The Pajtás


Background

The Pajtás camera was designed to be used by children, hence the name, which refers to the way young people were addressed (or were supposed to be addressed) in the Pioneer organisation of socialist Hungary.   (In reality no-one bothered to use the word pajtás when talking to another, except during formal events, such as the celebration of a socialist victory.   (Pajtás can be seen as the young people's equivalent of comrade.)

The camera was, however, immensely successful.   Production lasted longer than its designers originally expected.


Description

This simple box camera is made of bakelite.   It is surprisingly large, considering that it was intended for small hands.   Nevertheless, it can be easily grabbed and held by someone with limited dexterity.

The no. 120 roll film is advanced with the large knob on the top and the frame number can be checked through the circular red window on the back of the camera.   The longish column near the viewfinder window is the shutter release button.   The simple shutter works in two modes: M(oment) and T(ime).   These can be set with the left dial near the bottom of the lens.   The other dial on the right is for setting the aperture.   Turning this dial will result in rotating a metal plate behind the lens with three holes of different diameter drilled in it - one for each aperture setting.   (It can't get much simpler than this.)   The lens is a f/8 80 mm Achromat.

The shutter release button can be locked to prevent accidental exposure.   When the white spot shows, the shutter can be fired. If the red spot shows, the shutter is locked.


These images show the manufacturers' logo on two Pajtás cameras.   One was made at the Gamma Optical Works, the other by a different manufacturer - I still have to find out what FFV stands for.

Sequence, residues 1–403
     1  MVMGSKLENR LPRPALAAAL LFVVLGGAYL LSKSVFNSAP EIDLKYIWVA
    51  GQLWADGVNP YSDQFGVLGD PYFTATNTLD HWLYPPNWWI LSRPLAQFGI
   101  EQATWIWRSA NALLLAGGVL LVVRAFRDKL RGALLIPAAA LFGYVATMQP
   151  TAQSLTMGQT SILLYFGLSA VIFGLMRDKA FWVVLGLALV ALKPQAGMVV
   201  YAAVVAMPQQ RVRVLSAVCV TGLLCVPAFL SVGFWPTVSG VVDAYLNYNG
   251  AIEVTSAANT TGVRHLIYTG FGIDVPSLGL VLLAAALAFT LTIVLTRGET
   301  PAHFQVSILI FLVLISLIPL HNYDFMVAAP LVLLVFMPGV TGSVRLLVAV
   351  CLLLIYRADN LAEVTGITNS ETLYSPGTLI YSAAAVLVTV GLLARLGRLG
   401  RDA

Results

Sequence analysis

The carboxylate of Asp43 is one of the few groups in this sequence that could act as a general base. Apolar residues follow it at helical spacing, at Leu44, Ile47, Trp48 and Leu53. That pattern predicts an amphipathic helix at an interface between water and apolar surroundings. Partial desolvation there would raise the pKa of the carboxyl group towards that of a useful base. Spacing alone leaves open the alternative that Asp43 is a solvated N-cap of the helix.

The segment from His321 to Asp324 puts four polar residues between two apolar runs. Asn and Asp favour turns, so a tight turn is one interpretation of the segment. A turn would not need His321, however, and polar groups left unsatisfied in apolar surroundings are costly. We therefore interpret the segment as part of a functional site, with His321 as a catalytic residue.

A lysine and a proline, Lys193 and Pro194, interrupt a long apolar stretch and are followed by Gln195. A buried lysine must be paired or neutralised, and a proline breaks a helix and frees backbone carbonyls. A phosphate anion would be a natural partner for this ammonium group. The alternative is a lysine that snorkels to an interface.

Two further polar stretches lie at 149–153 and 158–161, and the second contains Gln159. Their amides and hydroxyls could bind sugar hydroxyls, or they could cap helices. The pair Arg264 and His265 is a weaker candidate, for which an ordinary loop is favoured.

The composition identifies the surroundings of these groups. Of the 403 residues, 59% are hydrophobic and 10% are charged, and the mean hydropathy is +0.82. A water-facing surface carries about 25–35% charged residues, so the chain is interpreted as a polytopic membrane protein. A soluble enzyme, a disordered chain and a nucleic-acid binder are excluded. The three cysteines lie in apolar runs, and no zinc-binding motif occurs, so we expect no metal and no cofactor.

Opening the camera to change the film is a bit tricky.   You will not find a lock; the camera back has to be simply pried off leveraging the semicircular protrusion on the top edge of the back plate.   Not a very ingenious solution, but it works.


Availability

The Pajtás is possibly the most common among the Hungarian cameras.   This is not to say, that it is ignored by collectors.   Many Hungarians are fond of it, as it reminds them of their childhood years - perhaps it was the first camera they got from their parents, perhaps this camera provided the initial nudge that later led to a successful photographic career.
You would find at least one Pajtás for sale at a flee market or in a good second hand shop.   However, if you wanted to acquire a Pajtás in mint condition, complete with box and manual...well, that would require quite a bit of search.

The camera on the fist picture above was made in 1956 - the year of the uprising against Soviet occupation.   Below is the documentation that came with the camera.

These cameras were also sold in blue boxes.


Further reading:




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